In my experience, the two greatest challenges presented by the guidelines are 1) articulating your brand promise using benefit language in a heart and mind opening way and 2) creating a visual that supports the message.  Often, Agencies will present concepts with copy that requires readers to think too hard and/or visuals that focus more on attention getting than supporting your message.  It is a phenomenon I call “fishing with a shiny thing”.   Bass tend to instinctively get aggressive when presented with a shiny lure and as a result get hooked.  Agencies often count on their clients acting like bass and biting on clever copy and/or interesting visuals.  Hold your standards high and firm.  If the copy does not clearly communicate your brand promise or the visual does not directly support the benefit, refrain from investing your limited promotional dollars.  If the ad fails to meet the guidelines, there is a good chance it will fail to communicate your message and deliver a positive ROI on your promotional dollars.  In my opinion, “fishing with a shiny thing” is a driving reason for the plethora of ineffective promotion you get exposed to on a daily basis.

Discussion

Guidelines can be helpful, but should not be considered rules.  Do you have any additional guidelines that have served you well in managing the creation of great communication?  In my experience, Management (e.g. members of your Board) often fall prey to the “fishing with a shiny thing” approach.  What tips do you have on how to avoid this from happening?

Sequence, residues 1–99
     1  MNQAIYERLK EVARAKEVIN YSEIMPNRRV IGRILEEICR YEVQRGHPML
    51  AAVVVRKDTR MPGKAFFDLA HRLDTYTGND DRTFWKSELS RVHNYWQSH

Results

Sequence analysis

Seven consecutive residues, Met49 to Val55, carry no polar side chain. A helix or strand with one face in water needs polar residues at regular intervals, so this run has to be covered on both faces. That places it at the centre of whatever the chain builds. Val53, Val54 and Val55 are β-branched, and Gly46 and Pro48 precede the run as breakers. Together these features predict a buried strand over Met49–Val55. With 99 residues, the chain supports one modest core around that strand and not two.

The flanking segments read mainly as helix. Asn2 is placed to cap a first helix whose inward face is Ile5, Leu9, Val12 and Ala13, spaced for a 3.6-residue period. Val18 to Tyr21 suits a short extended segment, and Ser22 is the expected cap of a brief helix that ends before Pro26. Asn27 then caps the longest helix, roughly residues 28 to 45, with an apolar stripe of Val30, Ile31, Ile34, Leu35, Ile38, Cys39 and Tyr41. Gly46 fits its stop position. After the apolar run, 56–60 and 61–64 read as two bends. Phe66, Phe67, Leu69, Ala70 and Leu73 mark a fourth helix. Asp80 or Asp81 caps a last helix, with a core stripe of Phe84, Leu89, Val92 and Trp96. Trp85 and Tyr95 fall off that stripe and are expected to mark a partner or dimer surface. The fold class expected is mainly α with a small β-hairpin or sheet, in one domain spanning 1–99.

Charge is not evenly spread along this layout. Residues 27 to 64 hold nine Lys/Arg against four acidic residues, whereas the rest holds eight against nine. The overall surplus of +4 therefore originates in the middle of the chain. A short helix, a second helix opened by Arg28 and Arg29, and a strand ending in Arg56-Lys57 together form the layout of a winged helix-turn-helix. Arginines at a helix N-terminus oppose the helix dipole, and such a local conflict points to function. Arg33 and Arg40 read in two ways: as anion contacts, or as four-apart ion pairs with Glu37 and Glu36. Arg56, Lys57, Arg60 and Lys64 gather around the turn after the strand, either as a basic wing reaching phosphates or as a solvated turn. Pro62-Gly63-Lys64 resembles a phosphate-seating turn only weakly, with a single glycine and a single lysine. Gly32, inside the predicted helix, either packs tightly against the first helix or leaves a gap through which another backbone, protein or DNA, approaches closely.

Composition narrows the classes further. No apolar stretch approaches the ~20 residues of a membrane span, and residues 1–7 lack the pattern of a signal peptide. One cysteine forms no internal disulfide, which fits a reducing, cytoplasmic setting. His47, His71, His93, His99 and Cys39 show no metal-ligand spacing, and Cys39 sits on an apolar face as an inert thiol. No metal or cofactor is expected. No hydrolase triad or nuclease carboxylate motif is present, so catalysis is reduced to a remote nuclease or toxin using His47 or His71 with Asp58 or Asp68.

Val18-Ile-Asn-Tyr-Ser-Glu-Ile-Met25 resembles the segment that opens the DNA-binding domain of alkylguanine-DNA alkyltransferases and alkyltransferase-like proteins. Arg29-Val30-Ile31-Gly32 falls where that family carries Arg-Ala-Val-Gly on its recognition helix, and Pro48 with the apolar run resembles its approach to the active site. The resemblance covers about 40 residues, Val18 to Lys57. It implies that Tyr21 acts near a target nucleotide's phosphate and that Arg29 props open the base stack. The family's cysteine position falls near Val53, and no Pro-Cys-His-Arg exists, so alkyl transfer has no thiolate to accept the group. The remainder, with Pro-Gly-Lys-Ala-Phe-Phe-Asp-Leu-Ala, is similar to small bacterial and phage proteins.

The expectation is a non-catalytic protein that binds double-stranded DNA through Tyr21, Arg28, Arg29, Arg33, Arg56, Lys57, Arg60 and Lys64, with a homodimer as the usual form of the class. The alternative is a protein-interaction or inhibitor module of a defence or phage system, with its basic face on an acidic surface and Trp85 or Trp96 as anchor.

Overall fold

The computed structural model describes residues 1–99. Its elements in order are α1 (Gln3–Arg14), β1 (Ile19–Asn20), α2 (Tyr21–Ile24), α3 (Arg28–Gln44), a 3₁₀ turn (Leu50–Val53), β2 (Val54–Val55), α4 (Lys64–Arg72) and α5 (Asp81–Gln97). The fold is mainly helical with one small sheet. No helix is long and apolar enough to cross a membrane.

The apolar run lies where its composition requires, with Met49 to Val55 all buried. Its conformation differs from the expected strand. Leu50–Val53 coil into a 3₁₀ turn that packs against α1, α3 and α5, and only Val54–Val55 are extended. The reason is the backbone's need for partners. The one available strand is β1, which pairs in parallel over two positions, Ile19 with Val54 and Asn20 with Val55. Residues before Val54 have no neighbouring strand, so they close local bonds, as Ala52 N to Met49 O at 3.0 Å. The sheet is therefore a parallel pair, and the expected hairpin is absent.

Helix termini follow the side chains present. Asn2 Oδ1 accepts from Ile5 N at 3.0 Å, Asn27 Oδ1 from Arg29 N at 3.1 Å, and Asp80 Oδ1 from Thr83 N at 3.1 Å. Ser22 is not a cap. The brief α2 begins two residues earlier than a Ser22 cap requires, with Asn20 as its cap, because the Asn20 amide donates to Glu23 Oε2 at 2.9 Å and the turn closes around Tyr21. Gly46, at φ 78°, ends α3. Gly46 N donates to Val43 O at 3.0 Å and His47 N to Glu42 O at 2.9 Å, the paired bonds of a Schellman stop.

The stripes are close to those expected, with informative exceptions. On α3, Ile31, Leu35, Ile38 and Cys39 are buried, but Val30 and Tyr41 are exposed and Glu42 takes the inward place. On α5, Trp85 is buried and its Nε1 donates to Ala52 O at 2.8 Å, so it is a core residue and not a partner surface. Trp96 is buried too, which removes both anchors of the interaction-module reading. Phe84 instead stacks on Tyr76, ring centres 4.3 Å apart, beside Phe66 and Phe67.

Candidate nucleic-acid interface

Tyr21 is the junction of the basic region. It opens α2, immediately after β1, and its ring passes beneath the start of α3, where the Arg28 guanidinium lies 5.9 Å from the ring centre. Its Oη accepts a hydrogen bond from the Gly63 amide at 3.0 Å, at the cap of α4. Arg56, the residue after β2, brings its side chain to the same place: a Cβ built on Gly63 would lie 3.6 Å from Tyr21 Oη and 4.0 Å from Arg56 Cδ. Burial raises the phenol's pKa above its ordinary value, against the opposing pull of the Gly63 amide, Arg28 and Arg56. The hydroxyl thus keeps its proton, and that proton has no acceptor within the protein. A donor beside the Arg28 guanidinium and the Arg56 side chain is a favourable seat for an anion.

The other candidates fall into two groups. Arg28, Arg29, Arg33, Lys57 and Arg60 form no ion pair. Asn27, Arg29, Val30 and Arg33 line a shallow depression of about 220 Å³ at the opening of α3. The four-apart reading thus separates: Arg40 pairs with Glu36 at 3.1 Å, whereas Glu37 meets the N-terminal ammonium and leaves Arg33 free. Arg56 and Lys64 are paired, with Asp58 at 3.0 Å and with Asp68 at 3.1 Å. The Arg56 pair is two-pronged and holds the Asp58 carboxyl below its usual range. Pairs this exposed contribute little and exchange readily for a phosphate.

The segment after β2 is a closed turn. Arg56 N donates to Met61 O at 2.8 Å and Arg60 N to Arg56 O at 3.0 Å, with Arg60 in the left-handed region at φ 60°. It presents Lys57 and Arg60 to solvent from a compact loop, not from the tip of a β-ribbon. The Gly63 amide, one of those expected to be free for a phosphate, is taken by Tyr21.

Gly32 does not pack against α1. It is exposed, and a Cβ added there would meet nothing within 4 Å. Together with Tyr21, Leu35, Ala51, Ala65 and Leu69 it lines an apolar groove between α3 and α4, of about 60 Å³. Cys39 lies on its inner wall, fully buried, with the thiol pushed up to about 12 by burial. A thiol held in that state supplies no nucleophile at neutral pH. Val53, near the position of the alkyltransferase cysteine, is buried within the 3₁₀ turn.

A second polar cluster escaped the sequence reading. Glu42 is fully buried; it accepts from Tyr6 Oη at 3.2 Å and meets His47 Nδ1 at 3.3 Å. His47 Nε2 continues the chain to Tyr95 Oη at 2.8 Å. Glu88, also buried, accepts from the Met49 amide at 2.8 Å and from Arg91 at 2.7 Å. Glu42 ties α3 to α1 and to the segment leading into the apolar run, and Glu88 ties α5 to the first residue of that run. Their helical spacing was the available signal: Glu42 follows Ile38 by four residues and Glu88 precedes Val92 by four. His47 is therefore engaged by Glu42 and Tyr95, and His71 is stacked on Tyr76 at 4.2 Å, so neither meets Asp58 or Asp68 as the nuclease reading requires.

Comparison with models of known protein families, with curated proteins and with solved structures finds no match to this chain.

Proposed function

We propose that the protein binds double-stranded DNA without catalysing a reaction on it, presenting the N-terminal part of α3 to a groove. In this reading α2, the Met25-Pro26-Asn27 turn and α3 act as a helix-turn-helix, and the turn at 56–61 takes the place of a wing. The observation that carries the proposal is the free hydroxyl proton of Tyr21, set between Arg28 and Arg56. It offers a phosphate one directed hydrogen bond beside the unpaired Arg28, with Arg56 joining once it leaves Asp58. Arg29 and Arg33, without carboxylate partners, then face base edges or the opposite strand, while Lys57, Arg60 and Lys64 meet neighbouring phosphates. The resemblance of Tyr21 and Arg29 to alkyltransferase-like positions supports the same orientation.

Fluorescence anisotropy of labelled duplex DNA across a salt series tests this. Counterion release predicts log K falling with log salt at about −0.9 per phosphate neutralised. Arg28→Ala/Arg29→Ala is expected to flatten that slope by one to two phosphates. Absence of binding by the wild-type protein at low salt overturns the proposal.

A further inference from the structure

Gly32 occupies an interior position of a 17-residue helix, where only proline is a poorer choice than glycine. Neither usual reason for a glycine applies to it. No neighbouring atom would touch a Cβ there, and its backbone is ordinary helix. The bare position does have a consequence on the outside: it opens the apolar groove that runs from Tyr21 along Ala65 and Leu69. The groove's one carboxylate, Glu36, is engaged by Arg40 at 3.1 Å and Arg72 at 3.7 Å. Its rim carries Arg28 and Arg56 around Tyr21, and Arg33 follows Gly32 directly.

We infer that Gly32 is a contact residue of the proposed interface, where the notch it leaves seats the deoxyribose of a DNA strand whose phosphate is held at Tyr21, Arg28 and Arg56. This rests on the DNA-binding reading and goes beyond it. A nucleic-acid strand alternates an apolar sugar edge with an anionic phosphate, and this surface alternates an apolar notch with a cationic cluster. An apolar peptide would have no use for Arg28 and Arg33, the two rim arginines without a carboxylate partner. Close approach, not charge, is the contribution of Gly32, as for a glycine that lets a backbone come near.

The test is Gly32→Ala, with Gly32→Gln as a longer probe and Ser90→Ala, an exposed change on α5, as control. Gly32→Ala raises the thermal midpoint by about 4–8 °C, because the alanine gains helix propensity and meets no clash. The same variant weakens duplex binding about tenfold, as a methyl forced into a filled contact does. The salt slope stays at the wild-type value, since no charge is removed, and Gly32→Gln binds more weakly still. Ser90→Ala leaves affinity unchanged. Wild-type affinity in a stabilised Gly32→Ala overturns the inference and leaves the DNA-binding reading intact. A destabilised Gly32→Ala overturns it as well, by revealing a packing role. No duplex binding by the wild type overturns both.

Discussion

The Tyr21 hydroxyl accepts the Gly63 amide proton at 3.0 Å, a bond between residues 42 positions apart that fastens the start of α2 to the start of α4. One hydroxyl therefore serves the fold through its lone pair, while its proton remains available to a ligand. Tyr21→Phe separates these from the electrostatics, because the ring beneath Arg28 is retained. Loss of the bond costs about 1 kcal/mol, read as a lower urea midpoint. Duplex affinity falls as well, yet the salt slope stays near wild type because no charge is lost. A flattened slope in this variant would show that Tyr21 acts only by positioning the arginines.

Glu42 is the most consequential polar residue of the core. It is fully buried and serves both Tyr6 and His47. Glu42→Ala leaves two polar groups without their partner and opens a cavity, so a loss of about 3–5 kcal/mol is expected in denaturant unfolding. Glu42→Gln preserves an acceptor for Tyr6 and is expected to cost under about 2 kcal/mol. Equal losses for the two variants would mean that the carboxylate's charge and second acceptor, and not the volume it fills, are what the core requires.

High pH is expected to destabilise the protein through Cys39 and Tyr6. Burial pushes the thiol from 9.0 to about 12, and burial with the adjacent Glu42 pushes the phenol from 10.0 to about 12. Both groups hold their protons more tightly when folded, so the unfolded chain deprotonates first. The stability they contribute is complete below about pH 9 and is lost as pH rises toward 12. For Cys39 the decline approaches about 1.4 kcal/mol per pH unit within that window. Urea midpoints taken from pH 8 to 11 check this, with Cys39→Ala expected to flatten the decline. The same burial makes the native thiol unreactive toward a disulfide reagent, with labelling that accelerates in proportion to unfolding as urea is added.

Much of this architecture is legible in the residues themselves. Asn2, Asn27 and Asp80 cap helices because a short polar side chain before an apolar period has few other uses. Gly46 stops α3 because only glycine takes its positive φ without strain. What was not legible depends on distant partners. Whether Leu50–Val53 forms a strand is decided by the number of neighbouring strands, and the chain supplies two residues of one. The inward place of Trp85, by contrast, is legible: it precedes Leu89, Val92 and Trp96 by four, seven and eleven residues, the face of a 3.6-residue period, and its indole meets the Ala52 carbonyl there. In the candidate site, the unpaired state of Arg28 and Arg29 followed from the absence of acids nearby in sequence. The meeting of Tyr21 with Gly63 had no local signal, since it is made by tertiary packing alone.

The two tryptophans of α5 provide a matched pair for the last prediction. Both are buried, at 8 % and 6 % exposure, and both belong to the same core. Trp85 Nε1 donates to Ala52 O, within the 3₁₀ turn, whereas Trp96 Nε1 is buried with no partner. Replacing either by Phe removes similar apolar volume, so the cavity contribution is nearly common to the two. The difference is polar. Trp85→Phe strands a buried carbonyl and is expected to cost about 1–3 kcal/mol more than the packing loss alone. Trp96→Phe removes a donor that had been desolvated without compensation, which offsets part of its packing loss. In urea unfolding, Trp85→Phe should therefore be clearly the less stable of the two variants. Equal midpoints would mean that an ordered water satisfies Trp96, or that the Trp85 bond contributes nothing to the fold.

Leave a comment with your thoughts.

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4 Comments so far

  1. […]   […]

  2. Tom Buncle

    January 8, 2014

    Sound advice, simply articulated, and sheer common sense…..which is all too often ignored in favour of the “go-faster stripe” / “shiny lure” peddled by agencies who don’t dig deep enough to see the brand beneath the wrapping…….Shaw and Burghard….what a team!

  3. Mike Philippson

    January 8, 2014

    Who’s at fault when the Agency presents you with a shiny thing? I usually find it is the Client. Agencies really want to please the Client, so you tend to get what you deserve. The shiny thing is usually an outward symptom of the poor Brief disease. Is the Benefit in the Brief really a Benefit or just a Feature? Is the Target a person the Creatives can connect with or just a demographic? Is the Insight just a fact or a true connection between the Benefit and the Target? Have you too many ideas in the Brief? Any one of these is enough to get you a shiny thing. I find most Briefs I see have at least 2 of these issues. So if you are getting shiny things from your Agency, I think the best place to look for the cause is in the mirror.

  4. Ed Burghard

    January 8, 2014

    Mike – You are absolutely right about the power of an effective creative brief. In fact, I actually authored a post titled “You Get What You Deserve” that supports your point (http://strengtheningbrandamerica.com/blog/2013/02/working-with-an-agency-creative-brief/). But, it is also important to call out that more often than not the creative brief is actually authored by the Agency as an internal document to guide the creative process. As the hired expert in communication, Agencies have a shared (if not lead) responsibility to ensure the creative brief is well written. The analogy I’d make is the market research firm that defaults to the client for questionnaire design.